A precedent setting legislative mandate under the Canadian Environmental Protection Act 1999 to establish priorities for assessment based on systematic consideration of all of the approximately 23,000 Existing Chemicals in Canada required the development and refinement of methodology in a number of important areas. This included development of simple and complex exposure and hazard tools for priority setting which draw maximally and efficiently on available data to systematically identify substances that are highest priorities in relation to their potential to cause adverse effects on the general population. The hierarchical approach in the simple and complex hazard tools described here efficiently and effectively sets substances aside as non-priorities, or prioritizes them for consideration additionally in assessment. The hazard tools efficiently incorporate previous work, contributing to consistency internationally, and involve hierarchical consideration of sources of information based on their relative weighting. They are health protective, based on their incorporated degree of conservatism, and provide direction for additional assessment for substances deemed to be priorities. Although designed for prioritization of Existing Substances in Canada, these tools have potential for broader application in other national and international programs to provide focus and increase efficiency in human health risk assessment.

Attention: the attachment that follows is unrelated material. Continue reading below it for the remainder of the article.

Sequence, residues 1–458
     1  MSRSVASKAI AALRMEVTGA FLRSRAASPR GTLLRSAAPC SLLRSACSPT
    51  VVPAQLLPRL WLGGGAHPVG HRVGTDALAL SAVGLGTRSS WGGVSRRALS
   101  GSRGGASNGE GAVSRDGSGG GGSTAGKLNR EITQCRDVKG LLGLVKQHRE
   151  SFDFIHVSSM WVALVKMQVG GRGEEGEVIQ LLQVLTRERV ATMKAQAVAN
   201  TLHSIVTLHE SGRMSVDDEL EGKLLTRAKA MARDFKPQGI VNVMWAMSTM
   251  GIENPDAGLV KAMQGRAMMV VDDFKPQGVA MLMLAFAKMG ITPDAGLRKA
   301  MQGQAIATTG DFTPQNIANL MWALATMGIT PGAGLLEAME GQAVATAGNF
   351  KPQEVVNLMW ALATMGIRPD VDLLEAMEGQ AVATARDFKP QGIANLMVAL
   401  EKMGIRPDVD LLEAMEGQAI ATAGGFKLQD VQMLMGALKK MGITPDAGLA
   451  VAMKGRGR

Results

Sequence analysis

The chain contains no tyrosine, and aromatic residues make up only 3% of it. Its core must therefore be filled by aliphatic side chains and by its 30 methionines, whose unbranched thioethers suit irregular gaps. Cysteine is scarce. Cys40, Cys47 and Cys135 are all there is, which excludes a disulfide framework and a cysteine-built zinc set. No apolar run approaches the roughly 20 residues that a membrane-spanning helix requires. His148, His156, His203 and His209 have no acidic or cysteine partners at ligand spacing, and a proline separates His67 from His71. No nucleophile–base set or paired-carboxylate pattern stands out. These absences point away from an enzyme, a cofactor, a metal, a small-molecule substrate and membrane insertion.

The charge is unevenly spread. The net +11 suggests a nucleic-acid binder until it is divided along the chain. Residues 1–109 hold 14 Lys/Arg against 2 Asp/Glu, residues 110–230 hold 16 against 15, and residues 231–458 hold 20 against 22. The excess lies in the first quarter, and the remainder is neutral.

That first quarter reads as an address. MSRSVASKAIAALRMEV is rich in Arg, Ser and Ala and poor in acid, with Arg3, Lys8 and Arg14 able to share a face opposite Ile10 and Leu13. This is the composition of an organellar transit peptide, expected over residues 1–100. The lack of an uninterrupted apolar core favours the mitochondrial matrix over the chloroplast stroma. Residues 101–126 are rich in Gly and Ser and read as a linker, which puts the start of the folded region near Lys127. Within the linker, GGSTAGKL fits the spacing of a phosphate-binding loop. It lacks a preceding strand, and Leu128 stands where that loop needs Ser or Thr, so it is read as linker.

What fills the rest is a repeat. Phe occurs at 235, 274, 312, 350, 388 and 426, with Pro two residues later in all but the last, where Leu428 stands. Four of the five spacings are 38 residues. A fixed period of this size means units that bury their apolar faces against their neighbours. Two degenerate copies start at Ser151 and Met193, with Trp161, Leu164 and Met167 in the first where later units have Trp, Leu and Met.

A cross-Canada survey of 38 university-affiliated hospitals with over 250 beds was undertaken to examine the procedures for cleaning anaesthetic tubings and circuits. Twenty-eight (74 per cent) hospitals responded. Gluteraldehyde was the most commonly used method (13/28), and pasteurization was the second most used method (9/28). These two methods are described and recommendations are made for basic requirements for disinfection.